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Sprint shares its best practices in text chat

Barney Beal, News Editor

Text chat is no longer just a tool for social, cyber-savvy teenagers. Enterprises are starting to harness the technology as well -- and some are seeing real benefits.

In fact, a new report from Jupiter Research reveals that from 2001 to 2005, the number of users who made use of text chat (when available) was on the rise, and of those who used text chat, 58% indicated they were satisfied with it (up from 45% in 2001).

For Sprint, the Reston, Va.-based telecommunications company, text chat has already proven its value, and the company is planning to expand chat on its Web store. Currently, Sprint uses both proactive and reactive chat. Visitors to the company Web site can hit the "click to chat" button when they need help, and predefined business rules can trigger a session. For example, if a visitor has clicked on three similar cell phones, a window pops up asking them whether they need help evaluating the products.

Sprint uses an outsourcer for its chat capabilities -- Connextions Inc., an Orlando, Fla.-based company, provides roughly 50 agents who handle Sprint business. Those chat agents are given sales goals and their progress is tracked through promotional codes.

"For us, it's very much sales focused," said Drew Broderick, director of virtual business operations at Sprint, during a session at the Call Center Demo and Conference held last month in Orlando. "We're starting to expand into e-care and Spanish, which will require skills-based routing."

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With e-care, Sprint is moving beyond sales and into online service, but chat can be a tricky communication channel, particularly on the proactive side, Broderick warns. Pushing pages can be a valuable sales tool, but it can also be off-putting if done incorrectly.

"You don't want them thinking, 'They're driving my computer -- what else are they doing?'," he said.

Chat, in fact, gives people a greater sense of control than if they're on the phone, Broderick said. For example, they're more willing to do the equivalent of hanging up.

ROI something to chat about

Chat is paying off for Sprint. Its Web store grew from 3% of total sales to 4% between 2004 and 2005, and the company attributes 15% of that growth to chat, Broderick said.

Bozeman, Mont.-based RightNow Technologies Inc., an application vendor focused on customer service, has been offering chat technology for several years. But according to CEO Greg Gianforte, the real uptake in chat has come over the past year because of a growing trend -- customers are increasingly taking control of relationships.

"It used to be viewed as a real niche capability," Gianforte said. "We've seen if you put a chat icon next to your phone number on the site, your phone calls go down 30%. But chat in the absence of a multichannel approach doesn't do any good."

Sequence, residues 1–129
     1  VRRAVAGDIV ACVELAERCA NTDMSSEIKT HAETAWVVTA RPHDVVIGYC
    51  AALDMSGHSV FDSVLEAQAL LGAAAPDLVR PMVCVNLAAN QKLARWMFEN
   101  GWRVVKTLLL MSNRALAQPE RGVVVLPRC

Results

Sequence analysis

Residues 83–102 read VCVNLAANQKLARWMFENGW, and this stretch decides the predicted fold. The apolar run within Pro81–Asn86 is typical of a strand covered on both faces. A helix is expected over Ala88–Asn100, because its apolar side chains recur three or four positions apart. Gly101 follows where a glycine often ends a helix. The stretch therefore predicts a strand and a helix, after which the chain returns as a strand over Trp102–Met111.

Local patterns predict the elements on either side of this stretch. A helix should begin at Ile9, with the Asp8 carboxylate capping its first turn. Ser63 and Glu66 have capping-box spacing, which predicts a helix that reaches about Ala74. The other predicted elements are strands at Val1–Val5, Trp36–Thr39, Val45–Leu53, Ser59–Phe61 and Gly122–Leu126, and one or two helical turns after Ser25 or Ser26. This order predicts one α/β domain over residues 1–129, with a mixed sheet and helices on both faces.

Broderick and Tracey Ayres, president of Connextions, offered some best practices on chat deployment during their session in Orlando.

  • First of all, companies should determine whether chat is a competitive differentiator, understanding the length of time it takes to complete a transaction on a Web site. More complicated or time-consuming transactions are best handled via self-service or email. Also, firms should use chat to offset traditional inbound support costs.

  • Agents should limit the number of simultaneous chats to between three and five. With co-browsing (following customers as they navigate a Web site), agents should be limited to two simultaneous chats because it requires more attention.

  • Companies need to approach chat differently from telephone communications when it comes to response times. Customers are expecting an instantaneous connection, and providing typical response and handle times can hinder upsell and conversion rates. Contact centers should prioritize their most valuable chat customers based on whether they are shoppers, repeat buyers or loyal customers.

  • Chat must also be measured. Broderick and Ayres suggested surveying customers after the chat session is over to solicit feedback and offer a chance for promoting loyalty and the company brand.

    Broderick also recommends following up the session with additional materials and supplemental information.

    "[The email of the transcript] is one of my favorite features," Broderick said. "It's a nice tool to have to document the transaction."

    Chat can also come in handy when customers are looking for a personal assistant, helping them to find the product they're looking for or suggesting similar items. And Sprint is leveraging its chat agents as a sort of front line for what customers are saying and asking about, Broderick said.

    Chat has been popular with the agents as well, according to Ayres. Agents can earn another $100 to $400 in incentives through cross-selling and upselling. Chat agent candidates actually conduct interviews via a chat session, Ayres said, and agents who had been handling email response were the first ones moved over to chat positions.


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